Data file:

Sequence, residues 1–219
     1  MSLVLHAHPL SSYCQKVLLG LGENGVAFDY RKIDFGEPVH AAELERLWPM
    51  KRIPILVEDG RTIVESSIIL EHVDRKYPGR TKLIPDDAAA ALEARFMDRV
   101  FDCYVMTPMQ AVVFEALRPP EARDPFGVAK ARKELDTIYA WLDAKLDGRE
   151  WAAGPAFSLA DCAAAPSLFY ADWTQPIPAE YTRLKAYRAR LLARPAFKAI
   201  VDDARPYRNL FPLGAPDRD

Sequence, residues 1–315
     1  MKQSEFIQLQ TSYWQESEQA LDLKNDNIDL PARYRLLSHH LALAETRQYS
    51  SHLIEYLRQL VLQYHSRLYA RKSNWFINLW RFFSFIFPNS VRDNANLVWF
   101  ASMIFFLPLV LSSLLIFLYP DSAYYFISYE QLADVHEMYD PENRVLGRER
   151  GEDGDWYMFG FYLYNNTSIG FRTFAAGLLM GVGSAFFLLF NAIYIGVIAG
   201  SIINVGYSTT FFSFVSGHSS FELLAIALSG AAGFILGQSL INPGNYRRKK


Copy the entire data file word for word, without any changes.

Sequence, residues 1–219
     1  MSLVLHAHPL SSYCQKVLLG LGENGVAFDY RKIDFGEPVH AAELERLWPM
    51  KRIPILVEDG RTIVESSIIL EHVDRKYPGR TKLIPDDAAA ALEARFMDRV
   101  FDCYVMTPMQ AVVFEALRPP EARDPFGVAK ARKELDTIYA WLDAKLDGRE
   151  WAAGPAFSLA DCAAAPSLFY ADWTQPIPAE YTRLKAYRAR LLARPAFKAI
   201  VDDARPYRNL FPLGAPDRD

Sequence, residues 1–315
     1  MKQSEFIQLQ TSYWQESEQA LDLKNDNIDL PARYRLLSHH LALAETRQYS
    51  SHLIEYLRQL VLQYHSRLYA RKSNWFINLW RFFSFIFPNS VRDNANLVWF
   101  ASMIFFLPLV LSSLLIFLYP DSAYYFISYE QLADVHEMYD PENRVLGRER
   151  GEDGDWYMFG FYLYNNTSIG FRTFAAGLLM GVGSAFFLLF NAIYIGVIAG
   201  SIINVGYSTT FFSFVSGHSS FELLAIALSG AAGFILGQSL INPGNYRRKK